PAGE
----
Facing the last-place Pittsburgh Pirates on Sept. 24, the Cubs sat one win away from ending a 39-year playoff drought.
Sutcliffe took the mound and went the distance, scattering two hits and one run while striking out nine batters to not only win his 14th consecutive game, but to clinch the division for the Cubs.
The first 18 years of the Seattle Mariners' existence passed without a playoff spot. It looked like year No. 19 was going to follow suit, with the club trailing the first-place California Angels by 6.5 games in the AL West on Sept. 11, 1995.
Lou Piniella's club wasn't interested in having history repeat itself, and the Mariners went on a 13-4 run to pull even with the Angels at the end of the regular season, forcing a one-game playoff at the Kingdome in Seattle to decide the division.
Randy Johnson dominated California's lineup, striking out 12 Angels en route to throwing a one-run, three-hit complete game that saw the Mariners win 9-1 and, for the first time, know what it felt like to play meaningful baseball in October.
Heading into the final three games of the regular season, the Detroit Tigers held a two-game lead over the Cleveland Indians for the American League pennant, knowing that a victory in the first game would guarantee a return to the playoffs.
The Indians sent superstar pitcher and 27-game winner Bob Feller out to the mound, while Detroit sent 30-year-old Floyd Giebell, making only his second career start in his 11th career MLB game.
Surely, Cleveland was going to take the series opener.
Except someone forgot to tell that to Giebell, who out-dueled the future Hall of Famer, tossing a six-hit, complete-game shutout to give the Tigers a 2-0 win and bring the pennant back to Detroit. It would be the last win that Giebell would ever notch in the major leagues.
Nothing gets the home crowd fired up like some late-inning heroics by a homegrown talent.
When those heroics happen to end a team's playoff drought and clinch the division, well, it's that much sweeter. That's exactly what happened at Great American Ballpark and it sent all of Cincinnati into a frenzy.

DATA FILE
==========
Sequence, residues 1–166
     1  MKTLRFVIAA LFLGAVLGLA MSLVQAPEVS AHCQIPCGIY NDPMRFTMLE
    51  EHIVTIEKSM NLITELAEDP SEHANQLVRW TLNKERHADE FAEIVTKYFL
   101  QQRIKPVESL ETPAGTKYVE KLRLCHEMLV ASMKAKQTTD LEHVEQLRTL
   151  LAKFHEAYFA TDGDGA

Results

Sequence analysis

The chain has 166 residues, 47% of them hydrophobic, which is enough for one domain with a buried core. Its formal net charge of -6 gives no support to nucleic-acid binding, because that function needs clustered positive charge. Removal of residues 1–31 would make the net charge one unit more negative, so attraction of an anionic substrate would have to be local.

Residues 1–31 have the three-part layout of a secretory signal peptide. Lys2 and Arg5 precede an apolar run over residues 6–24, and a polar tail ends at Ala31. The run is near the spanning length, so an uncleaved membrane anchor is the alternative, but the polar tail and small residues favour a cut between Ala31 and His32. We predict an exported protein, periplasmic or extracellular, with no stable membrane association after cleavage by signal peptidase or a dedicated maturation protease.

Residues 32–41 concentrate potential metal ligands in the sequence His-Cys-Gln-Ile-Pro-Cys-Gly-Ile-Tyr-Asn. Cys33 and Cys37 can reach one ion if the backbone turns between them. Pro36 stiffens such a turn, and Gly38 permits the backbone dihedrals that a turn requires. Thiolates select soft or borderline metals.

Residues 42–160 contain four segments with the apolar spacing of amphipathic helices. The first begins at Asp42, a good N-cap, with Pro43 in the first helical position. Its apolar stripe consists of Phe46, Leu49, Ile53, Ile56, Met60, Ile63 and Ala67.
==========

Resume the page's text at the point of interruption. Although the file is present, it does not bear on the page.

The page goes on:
Jay Bruce deposited the first pitch he saw from Houston reliever Tim Byrdak into the grass beyond the center field wall, clinching the National League Central and putting Cincinnati in the playoffs for the first time since 1995, when Atlanta swept the Reds in the National League Championship Series.
Manager Dusty Baker was giddy—and rightfully so—when John Fay of the Cincinnati Enquirer caught up with him after the game: “What a way to win this thing. That was as dramatic a home run as you’ll see. Jay off a left-hander. The boys are happy. Everybody’s happy. Let ’em party.” (Up to this point, roughly 80 percent of Bruce's career home runs had come against right-handers).
The party didn't last long, however, as Roy Halladay threw a no-hitter in Game 1 of the NLDS. The Reds never recovered, getting swept in three games.
Four teams found themselves battling for American League supremacy in the final week of the 1967 season, with the Boston Red Sox, Chicago White Sox, Detroit Tigers and Minnesota Twins all battling each other for the top spot.
Minnesota and Boston met at Fenway Park for a two-game series to finish the season. Boston would emerge victorious in Game 1, thanks to Carl Yastrzemski, who went 3-for-4 with a home run and four RBI to give the home team a 6-4 victory and pull his team into a tie with the Twins for first place.